Journey to the top: Are today’s sustainability professionals tomorrow’s chief executives?
H&M's appointment of Helena Helmersson as chief executive marks the first time a global corporation has appointed a former sustainability manager to lead the company. Could this be a sign that sustainability is becoming so integral to business that today's CSR professionals are tomorrow's corporate leaders?
Most CSR departments didn’t exist 20 years ago. As a result, the concept of sustainability has lacked a definitive set of principles. It has meandered like a river, slowly drawing out best-practise when it comes to things like carbon reduction and ethical value chain principles.
To this extent, sustainability has been built on trade-offs. No company can be truly “sustainable” until all departments have radicalised their processes and priorities. A key role of the sustainability professional has therefore been to bridge these departmental divides over time; to take climate action from a niche idea to an in-built company ethos. The rise of the boardroom-level chief sustainability officer in recent years serves to highlight that, in many businesses, that ethos is now being realised.
Earlier this month, another breakthrough came. In an unprecedented move, Helena Helmersson was announced as not only the first woman to be H&M’s chief executive, but its first boss with “sustainability professional” on her CV. In fact, this appears to be the first time that a sustainability professional has risen up the ranks to lead a large business.
Helmersson spent more than five years in H&M’s sustainability team, first as social sustainability manager then as a sustainability manager.
“I am very incentivised and humble ahead of the task,” Helmersson said at the time. “I look forward to driving the plan forward together with my colleagues, with a focus on the customer to continue strengthening our financial development in the short and long term. There is great potential to expand with existing and new brands, with new types of partnerships and to continue leading the development towards a sustainable fashion industry.”
In recent years, H&M has made a number of big sustainability commitments, most notably pledges to become a “fully circular” business by 2030 and achieve “climate-positivity” by 2040. The fashion giant has adopted a strong leadership stance on CSR by looking beyond net-zero emissions, although its sustainability transition has been somewhat stifled by a fast-fashion business model, compounded by discrepancies over worker pay.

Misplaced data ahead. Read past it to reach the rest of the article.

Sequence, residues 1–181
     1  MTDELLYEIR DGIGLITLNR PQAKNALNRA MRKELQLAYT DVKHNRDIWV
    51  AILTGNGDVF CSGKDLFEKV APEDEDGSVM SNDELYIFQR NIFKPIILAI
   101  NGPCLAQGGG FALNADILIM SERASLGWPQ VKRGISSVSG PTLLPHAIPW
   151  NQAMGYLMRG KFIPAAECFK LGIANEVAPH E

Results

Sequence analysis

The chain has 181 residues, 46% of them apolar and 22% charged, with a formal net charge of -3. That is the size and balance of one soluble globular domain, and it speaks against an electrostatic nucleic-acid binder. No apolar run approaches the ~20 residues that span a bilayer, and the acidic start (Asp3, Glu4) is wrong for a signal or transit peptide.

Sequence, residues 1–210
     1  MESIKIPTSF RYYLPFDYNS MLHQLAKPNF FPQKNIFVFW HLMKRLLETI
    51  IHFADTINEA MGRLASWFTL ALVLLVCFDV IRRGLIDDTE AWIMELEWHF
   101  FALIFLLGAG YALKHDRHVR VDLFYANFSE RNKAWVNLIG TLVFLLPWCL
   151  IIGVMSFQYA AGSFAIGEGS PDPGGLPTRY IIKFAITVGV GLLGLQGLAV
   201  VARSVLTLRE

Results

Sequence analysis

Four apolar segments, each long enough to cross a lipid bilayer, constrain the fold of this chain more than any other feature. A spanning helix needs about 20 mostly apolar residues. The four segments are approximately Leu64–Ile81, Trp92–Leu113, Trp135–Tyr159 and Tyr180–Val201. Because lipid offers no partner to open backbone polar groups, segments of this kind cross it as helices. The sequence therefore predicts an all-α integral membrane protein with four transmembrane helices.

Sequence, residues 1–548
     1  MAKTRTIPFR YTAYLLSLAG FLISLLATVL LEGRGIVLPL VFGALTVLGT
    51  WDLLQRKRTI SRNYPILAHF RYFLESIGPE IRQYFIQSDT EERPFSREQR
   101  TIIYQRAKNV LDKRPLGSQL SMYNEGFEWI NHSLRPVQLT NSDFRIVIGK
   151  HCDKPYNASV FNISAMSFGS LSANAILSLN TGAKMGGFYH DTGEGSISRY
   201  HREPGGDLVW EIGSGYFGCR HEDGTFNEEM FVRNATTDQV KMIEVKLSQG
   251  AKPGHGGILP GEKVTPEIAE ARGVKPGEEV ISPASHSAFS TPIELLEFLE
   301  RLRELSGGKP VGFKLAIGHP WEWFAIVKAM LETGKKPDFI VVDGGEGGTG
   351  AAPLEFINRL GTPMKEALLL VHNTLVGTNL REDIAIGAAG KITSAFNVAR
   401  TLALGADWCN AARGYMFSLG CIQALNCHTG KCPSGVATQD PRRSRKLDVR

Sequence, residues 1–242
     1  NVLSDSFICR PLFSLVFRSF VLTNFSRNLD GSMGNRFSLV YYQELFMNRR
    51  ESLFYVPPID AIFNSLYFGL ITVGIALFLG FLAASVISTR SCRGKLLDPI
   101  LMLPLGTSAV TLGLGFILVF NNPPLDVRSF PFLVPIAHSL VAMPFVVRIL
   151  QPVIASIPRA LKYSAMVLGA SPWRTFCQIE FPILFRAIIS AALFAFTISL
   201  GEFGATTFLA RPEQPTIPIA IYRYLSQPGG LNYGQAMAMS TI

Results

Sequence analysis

Helmersson’s task at hand is to build those lofty climate and circular goals into every decision-making process and to use her expertise spanning the entire sustainability agenda to begin to remove the trade-offs associated with traditional business models. It is not an easy task, but forms the litmus test of what could be a new dawn of sustainable business leaders.
First of many?
M&S’s former sustainability director Mike Barry’s LinkedIn commentary on Helmersson’s appointment garnered an immensely positive response from the sustainability community, with commenters noting that “we’ve got to a point where ‘woman becomes CEO’ is no longer the headline” and that this would be a “litmus test” for normalising the CSO-to-CEO career trajectory.
For Barry – now a board trustee at A Blueprint for Better Business – sustainability professionals are still some way off becoming chief executives, but many of the skills being finetuned in the CSR department will indeed be critical for business leaders in the future.
“Don’t underestimate how big being a chief executive is,” Barry says. “People climb the career ladder and develop lots of technical knowledge, but the thing that makes the chief executive different is the ability to list the [technical expertise] into a strategy and lead a team.
“The chief executive of the future will have to be brilliant at sustainability and know what it means for business, but I don’t think that it means that automatically serving four or five years in the CSO role will make you able to do it.”
Barry is used to working under an exceptional chief executive when it comes to championing sustainable business. Steve Rowe has been an influential advocate of the retailer’s Plan A 2025 initiative. He sits alongside the likes of ex-Unilever chief executive Paul Polman, former Campbell Soup chief executive Denise Morrison, former Kingfisher boss Sir Ian Cheshire, and current P&G boss David Taylor as just some of the business leaders who have instilled a top-down and bottom-up approach to sustainability across the business.
Barry is of the belief that the overwhelmingly positive response to H&M’s announcement denotes that “people are really crying out for a change in leadership” and that CSOs have a unique skillset to change the business model. However, he also pointed out that Helmersson’s stint at H&M’s chief operating officer (COO) will have given her a much clearer understanding of different business functions, which is more translatable to the role of CEO.